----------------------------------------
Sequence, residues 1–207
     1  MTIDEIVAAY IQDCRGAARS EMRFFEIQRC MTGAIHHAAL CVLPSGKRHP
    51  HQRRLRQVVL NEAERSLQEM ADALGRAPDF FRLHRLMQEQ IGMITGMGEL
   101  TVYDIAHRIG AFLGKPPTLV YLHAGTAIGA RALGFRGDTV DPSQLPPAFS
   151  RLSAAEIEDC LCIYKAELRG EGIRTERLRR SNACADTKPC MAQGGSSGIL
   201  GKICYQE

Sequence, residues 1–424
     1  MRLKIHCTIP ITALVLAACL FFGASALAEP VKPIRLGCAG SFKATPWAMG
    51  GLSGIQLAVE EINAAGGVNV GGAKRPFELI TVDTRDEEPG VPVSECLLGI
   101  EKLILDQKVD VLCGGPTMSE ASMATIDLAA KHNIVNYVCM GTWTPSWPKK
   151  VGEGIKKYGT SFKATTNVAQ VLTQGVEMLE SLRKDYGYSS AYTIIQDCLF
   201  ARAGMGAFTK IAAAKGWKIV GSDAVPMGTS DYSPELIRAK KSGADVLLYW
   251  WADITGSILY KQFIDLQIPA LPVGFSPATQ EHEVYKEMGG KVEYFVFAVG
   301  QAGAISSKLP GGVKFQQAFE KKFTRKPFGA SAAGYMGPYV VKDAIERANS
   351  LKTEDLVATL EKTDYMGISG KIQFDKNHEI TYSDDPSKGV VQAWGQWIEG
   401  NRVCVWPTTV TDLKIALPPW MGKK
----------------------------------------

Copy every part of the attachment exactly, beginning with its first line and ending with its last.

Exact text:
Sequence, residues 1–207
     1  MTIDEIVAAY IQDCRGAARS EMRFFEIQRC MTGAIHHAAL CVLPSGKRHP
    51  HQRRLRQVVL NEAERSLQEM ADALGRAPDF FRLHRLMQEQ IGMITGMGEL
   101  TVYDIAHRIG AFLGKPPTLV YLHAGTAIGA RALGFRGDTV DPSQLPPAFS
   151  RLSAAEIEDC LCIYKAELRG EGIRTERLRR SNACADTKPC MAQGGSSGIL
   201  GKICYQE

Sequence, residues 1–424
     1  MRLKIHCTIP ITALVLAACL FFGASALAEP VKPIRLGCAG SFKATPWAMG
    51  GLSGIQLAVE EINAAGGVNV GGAKRPFELI TVDTRDEEPG VPVSECLLGI
   101  EKLILDQKVD VLCGGPTMSE ASMATIDLAA KHNIVNYVCM GTWTPSWPKK
   151  VGEGIKKYGT SFKATTNVAQ VLTQGVEMLE SLRKDYGYSS AYTIIQDCLF
   201  ARAGMGAFTK IAAAKGWKIV GSDAVPMGTS DYSPELIRAK KSGADVLLYW
   251  WADITGSILY KQFIDLQIPA LPVGFSPATQ EHEVYKEMGG KVEYFVFAVG
   301  QAGAISSKLP GGVKFQQAFE KKFTRKPFGA SAAGYMGPYV VKDAIERANS
   351  LKTEDLVATL EKTDYMGISG KIQFDKNHEI TYSDDPSKGV VQAWGQWIEG
   401  NRVCVWPTTV TDLKIALPPW MGKK